On the eve of the military coup that led to his rise to power, President Emmerson Mnangagwa has written this article on reforms in The Financial Times.
When Margaret Thatcher was elected UK prime minister in 1979, she recognised that piecemeal change would not be sufficient to tackle the problems of labour unrest, rampant inflation and economic stagnation. A wholesale transformation and modernisation of the British economy was required. While there would inevitably be downsides to such rapid change, Thatcher was undeterred.
The challenges that Zimbabwe faces today are no less acute. But my government is committed to tackling them head on. Like Thatcher, we are not afraid of taking tough, and at times painful, decisions. As she used to put it, there is no alternative.
In order to reform, restructure and rebuild the Zimbabwean economy, the national budget must be balanced and spending reined in. The government wage bill is unsustainable.
A large and inefficient public sector cannot be allowed to hold back private enterprise. We have set about cutting unnecessary expenditure, therefore. We are reducing the number of ministries, limiting foreign travel and perks for officials, and retiring or redeploying senior officers.
Privatisation and the reform of state-owned enterprises are also key components of this strategy. Organisations which have outlived their commercial viability or necessity will be dissolved.
Over the past two years, we have spent large sums to support struggling state-owned enterprises. But we cannot continue to prop them up. So we have earmarked under-performing bodies for sale and have given them strict deadlines to conclude privatisation deals.
Governments do not only cut. They must also collect. As part of an effort to broaden the tax base, we recently introduced a 2 percent levy on electronic transfers, which make up around 96 percent of all financial transactions. Collecting revenue effectively and efficiently, combined with cuts and privatisations, will enable us to cut the budget deficit.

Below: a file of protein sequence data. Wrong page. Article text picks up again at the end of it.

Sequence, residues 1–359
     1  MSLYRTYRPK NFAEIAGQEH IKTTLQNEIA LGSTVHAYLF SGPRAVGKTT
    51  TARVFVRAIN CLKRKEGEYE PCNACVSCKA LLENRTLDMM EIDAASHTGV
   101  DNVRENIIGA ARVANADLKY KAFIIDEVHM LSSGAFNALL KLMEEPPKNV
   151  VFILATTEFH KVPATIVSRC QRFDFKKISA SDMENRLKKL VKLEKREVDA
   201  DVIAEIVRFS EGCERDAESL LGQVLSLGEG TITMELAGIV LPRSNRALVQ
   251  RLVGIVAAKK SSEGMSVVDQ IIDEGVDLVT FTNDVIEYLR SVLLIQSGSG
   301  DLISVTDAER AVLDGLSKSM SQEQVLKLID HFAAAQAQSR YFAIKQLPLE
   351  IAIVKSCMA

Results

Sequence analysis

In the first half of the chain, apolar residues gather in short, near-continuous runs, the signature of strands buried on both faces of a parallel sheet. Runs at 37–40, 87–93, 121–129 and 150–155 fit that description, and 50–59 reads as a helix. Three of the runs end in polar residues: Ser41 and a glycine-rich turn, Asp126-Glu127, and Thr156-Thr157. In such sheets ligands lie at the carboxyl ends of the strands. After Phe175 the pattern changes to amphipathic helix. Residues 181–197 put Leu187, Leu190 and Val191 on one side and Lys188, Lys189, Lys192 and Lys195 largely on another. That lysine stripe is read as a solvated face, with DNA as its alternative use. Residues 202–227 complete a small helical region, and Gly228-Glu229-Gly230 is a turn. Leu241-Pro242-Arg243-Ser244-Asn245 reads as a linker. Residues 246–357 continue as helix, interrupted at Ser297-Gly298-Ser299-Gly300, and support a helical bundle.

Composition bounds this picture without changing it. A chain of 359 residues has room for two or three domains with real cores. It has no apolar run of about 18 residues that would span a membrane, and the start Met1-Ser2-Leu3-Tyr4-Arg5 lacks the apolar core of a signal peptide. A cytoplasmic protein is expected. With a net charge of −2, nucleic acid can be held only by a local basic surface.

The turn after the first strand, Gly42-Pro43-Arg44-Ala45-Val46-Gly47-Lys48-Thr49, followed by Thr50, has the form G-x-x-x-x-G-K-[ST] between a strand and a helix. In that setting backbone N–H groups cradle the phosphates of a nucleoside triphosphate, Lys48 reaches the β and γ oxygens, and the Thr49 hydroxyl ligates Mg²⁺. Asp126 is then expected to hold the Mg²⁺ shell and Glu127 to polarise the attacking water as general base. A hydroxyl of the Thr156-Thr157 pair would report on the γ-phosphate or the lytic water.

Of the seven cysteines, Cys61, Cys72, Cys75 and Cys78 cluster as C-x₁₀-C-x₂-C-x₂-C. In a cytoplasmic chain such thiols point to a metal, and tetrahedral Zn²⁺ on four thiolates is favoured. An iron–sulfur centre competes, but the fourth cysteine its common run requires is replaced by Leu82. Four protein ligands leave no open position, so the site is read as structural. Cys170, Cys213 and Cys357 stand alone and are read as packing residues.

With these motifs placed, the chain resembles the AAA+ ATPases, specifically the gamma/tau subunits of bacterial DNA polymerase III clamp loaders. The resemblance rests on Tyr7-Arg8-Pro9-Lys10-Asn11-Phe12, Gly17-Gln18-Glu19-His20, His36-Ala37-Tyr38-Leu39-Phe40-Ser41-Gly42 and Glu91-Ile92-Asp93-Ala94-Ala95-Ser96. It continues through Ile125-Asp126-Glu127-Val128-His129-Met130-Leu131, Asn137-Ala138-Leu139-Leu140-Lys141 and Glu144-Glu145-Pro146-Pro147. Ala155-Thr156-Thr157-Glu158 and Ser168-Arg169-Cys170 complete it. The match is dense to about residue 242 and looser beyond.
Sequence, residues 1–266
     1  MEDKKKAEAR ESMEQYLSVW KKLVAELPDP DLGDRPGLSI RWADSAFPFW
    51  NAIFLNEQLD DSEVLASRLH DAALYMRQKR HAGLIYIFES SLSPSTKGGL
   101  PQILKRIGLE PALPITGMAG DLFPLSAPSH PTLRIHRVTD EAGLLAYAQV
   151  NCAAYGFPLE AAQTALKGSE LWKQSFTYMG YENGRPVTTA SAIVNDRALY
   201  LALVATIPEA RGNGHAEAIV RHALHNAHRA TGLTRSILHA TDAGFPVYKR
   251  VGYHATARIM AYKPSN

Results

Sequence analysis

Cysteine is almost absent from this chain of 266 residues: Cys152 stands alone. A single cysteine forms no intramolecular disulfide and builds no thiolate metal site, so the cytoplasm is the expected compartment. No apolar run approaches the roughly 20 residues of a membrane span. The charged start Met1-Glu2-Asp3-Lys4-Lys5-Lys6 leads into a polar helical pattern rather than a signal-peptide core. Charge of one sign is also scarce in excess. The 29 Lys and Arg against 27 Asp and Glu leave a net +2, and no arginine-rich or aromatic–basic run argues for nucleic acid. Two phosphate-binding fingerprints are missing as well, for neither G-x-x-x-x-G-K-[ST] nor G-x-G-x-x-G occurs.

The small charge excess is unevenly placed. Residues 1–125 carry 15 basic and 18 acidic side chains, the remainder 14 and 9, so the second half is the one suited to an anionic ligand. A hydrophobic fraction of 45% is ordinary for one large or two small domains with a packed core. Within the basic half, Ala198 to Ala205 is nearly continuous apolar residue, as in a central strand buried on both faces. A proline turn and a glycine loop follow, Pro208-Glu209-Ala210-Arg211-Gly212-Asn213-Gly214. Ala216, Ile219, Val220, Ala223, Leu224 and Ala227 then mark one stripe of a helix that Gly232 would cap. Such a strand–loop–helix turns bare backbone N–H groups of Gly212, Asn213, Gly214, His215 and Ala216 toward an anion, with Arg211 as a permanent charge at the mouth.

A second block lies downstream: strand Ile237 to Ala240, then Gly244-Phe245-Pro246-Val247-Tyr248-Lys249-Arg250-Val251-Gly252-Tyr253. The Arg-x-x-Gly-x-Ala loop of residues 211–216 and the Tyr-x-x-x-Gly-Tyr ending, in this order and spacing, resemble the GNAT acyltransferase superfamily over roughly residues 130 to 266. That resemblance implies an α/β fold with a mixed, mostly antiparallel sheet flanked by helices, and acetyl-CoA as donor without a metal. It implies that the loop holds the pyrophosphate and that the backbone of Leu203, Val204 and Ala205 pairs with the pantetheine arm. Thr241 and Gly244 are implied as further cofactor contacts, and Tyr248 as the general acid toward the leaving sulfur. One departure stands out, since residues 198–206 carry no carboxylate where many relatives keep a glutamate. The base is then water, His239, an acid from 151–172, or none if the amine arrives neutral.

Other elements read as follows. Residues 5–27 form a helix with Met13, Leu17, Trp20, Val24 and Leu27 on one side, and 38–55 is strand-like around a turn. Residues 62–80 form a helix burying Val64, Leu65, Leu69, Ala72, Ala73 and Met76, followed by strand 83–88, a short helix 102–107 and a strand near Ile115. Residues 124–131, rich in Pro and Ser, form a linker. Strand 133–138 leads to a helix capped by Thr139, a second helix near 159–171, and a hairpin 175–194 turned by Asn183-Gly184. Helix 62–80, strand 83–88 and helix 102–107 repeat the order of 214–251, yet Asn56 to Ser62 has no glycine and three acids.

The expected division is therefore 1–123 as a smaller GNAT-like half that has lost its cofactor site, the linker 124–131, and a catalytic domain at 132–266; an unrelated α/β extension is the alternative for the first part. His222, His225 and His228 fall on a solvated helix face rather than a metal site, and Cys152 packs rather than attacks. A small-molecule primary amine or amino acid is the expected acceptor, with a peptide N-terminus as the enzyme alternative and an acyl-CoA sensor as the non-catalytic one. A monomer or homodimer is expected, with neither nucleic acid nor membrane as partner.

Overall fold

These measures are being complemented by an anti-corruption drive that will save Zimbabwe hundreds of millions of dollars. Investigations are under way and arrests are already being made, including of ministers and senior executives. The era of zero tolerance for corruption is here.
The economy is already quietly showing signs of improvement, with growth forecasts revised upwards. Many sectors are thriving. The country’s gold mines have already surpassed the total output of 2017, for example, while a plant for the production of lithium carbonate project in Kwekwe is off to a promising start. Critically, agriculture is increasingly being funded by the private sector.
However, Zimbabwe cannot succeed alone. We are seeking new areas for co-operation and partnership. I was delighted, therefore, by the warm welcome our delegation received at the recent UN general assembly, where I urged the international community to support us as we revive our economy and build a better future.
Mthuli Ncube, the minister of finance, a former African Development Bank chief economist, delivered this message at the recent IMF and World Bank meetings in Bali. There, he met development partners and creditors who welcomed Zimbabwe’s debt-settlement and transitional stabilisation plans.
The process of change is not smooth. Some pain and discomfort along the way is inevitable. The arduousness of the path of reform can sometimes lead governments to stall or backtrack. But as a passionate reformer leading a reformist government, I know there is no other way. We cannot allow anything to slow us down.
As Thatcher once said: “Yes, the medicine is harsh, but the patient requires it.”